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Dividend Taxes and Firm Valuation: New Evidence

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Author Info

  • Alan J. Auerbach
  • Kevin A. Hassett

Abstract

This paper extends our previous analysis (Auerbach and Hassett 2005) of the effects of the "Jobs and Growth Tax Relief Act of 2003" on firm valuation. That paper found that firms with higher dividend yields benefited more than other dividend paying firms, a result that, in itself, is consistent with both new and traditional views of dividend taxation. But further evidence favored the new view. We also found that non-dividend-paying "immature" firms experienced larger abnormal returns than other firms and that a similar bonus accrued to firms likely to issue new shares, two results that are consistent with an anticipated transition to higher dividend payments. Here, we extend our earlier analysis in two ways. First, we consider the impact of the 2004 Presidential election on option prices, to gain further insight into and confirmation of the mechanism through which the 2003 legislation affected firm values. Second, we explore in more detail the determinants of the "immaturity premium" noted above. In contrast to claims in a recent paper by Amromin et al. (2005), we find that the premium is associated with the likelihood of new share issuance, as inferred but not demonstrated in our original analysis.

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File URL: http://www.aeaweb.org/articles.php?doi=10.1257/000282806777212495
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Bibliographic Info

Article provided by American Economic Association in its journal American Economic Review.

Volume (Year): 96 (2006)
Issue (Month): 2 (May)
Pages: 119-123

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Handle: RePEc:aea:aecrev:v:96:y:2006:i:2:p:119-123

Note: DOI: 10.1257/000282806777212495
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References

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  1. Raj Chetty & Emmanuel Saez, 2005. "Dividend Taxes and Corporate Behavior: Evidence from the 2003 Dividend Tax Cut," The Quarterly Journal of Economics, MIT Press, vol. 120(3), pages 791-833, August.
  2. Eugene Amromin & Paul Harrison & Steven Sharpe, 2006. "How did the 2003 dividend tax cut affect stock prices?," Working Paper Series WP-06-17, Federal Reserve Bank of Chicago.
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Cited by:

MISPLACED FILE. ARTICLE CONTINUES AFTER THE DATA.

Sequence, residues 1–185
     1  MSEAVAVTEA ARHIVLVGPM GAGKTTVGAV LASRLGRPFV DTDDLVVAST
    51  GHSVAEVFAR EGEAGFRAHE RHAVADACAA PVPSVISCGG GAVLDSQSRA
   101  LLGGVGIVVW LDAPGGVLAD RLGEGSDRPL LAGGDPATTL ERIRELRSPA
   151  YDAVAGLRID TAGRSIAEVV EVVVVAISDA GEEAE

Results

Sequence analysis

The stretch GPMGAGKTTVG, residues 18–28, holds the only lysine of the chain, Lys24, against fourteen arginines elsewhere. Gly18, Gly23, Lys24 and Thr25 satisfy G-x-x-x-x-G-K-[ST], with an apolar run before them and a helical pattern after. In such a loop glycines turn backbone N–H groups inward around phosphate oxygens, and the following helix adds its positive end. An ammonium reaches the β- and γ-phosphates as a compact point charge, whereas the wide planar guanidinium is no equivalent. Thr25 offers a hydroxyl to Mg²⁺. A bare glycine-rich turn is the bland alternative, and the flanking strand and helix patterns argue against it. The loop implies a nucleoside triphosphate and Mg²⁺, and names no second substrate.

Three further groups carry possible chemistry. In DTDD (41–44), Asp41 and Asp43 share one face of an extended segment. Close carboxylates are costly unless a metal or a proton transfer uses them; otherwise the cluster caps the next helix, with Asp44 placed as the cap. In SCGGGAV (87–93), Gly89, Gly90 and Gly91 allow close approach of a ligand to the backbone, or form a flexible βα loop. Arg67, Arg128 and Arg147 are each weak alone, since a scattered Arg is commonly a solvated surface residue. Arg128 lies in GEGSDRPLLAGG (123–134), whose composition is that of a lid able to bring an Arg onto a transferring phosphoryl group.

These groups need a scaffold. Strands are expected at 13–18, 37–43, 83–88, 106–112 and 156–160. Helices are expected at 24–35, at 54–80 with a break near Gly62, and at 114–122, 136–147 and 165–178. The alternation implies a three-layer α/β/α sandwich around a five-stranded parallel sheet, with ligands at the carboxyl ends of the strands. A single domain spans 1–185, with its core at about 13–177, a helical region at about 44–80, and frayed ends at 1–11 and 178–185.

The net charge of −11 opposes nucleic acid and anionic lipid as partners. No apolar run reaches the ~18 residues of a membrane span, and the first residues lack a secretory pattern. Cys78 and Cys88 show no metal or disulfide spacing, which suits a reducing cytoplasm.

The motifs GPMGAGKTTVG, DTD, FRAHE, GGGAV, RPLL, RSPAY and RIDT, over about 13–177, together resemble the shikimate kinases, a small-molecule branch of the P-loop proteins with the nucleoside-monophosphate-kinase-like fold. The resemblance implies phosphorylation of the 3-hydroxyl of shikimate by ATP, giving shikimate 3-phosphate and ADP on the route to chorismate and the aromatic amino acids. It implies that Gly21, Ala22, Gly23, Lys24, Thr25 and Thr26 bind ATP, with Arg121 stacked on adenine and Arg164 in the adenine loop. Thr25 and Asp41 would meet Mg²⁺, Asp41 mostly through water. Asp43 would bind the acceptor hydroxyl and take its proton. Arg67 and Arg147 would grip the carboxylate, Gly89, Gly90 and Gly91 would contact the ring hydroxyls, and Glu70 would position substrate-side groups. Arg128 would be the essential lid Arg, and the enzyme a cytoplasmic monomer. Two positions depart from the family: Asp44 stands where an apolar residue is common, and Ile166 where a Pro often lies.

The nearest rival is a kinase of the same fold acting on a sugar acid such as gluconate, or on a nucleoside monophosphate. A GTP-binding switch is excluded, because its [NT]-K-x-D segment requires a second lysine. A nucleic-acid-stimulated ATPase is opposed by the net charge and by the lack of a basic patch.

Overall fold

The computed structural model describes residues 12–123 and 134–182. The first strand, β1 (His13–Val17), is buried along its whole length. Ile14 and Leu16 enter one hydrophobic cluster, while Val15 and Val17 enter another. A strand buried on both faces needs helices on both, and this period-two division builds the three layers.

1. Annette Alstadsæter & Erik Fjærli, 2009. "Neutral taxation of shareholder income? Corporate responses to an announced dividend tax," International Tax and Public Finance, Springer, vol. 16(4), pages 571-604, August.
  2. Ufuk Ince & James Owers, 2012. "The interaction of corporate dividend policy and capital structure decisions under differential tax regimes," Journal of Economics and Finance, Springer, vol. 36(1), pages 33-57, January.
  3. Harry Huizinga & Johannes Voget & Wolf Wagner, 2012. "International Taxation and Cross-Border Banking," Working Papers 1225, Oxford University Centre for Business Taxation.
  4. Harry Huizinga & Johannes Voget & Wolf Wagner, 2012. "Capital Gains Taxation and the Cost of Capital: Evidence from Unanticipated Cross-Border Transfers of Tax Bases," Tinbergen Institute Discussion Papers 12-100/IV/DSF39, Tinbergen Institute.
  5. George von Furstenberg & Ulf von Kalckreuth, 2007. "Dependence on External Finance by Manufacturing Sector: Examining the Measure and its Properties," Caepr Working Papers 2007-001, Center for Applied Economics and Policy Research, Economics Department, Indiana University Bloomington.
  6. Eugene Amromin & Paul Harrison & Steven Sharpe, 2006. "How did the 2003 dividend tax cut affect stock prices?," Working Paper Series WP-06-17, Federal Reserve Bank of Chicago.
  7. Harry Huizinga & Johannes Voget & Wolf Wagner, 2012. "Capital Gains Taxation and the Cost of Capital: Evidence from Unanticipated Cross-Border Transfers of Tax Bases," Tinbergen Institute Discussion Papers 12-100/IV/DSF39, Tinbergen Institute.
  8. Conesa, Juan C. & Domínguez, Begoña, 2013. "Intangible investment and Ramsey capital taxation," Journal of Monetary Economics, Elsevier, vol. 60(8), pages 983-995.
  9. Korinek, Anton & Stiglitz, Joseph E., 2009. "Dividend taxation and intertemporal tax arbitrage," Journal of Public Economics, Elsevier, vol. 93(1-2), pages 142-159, February.

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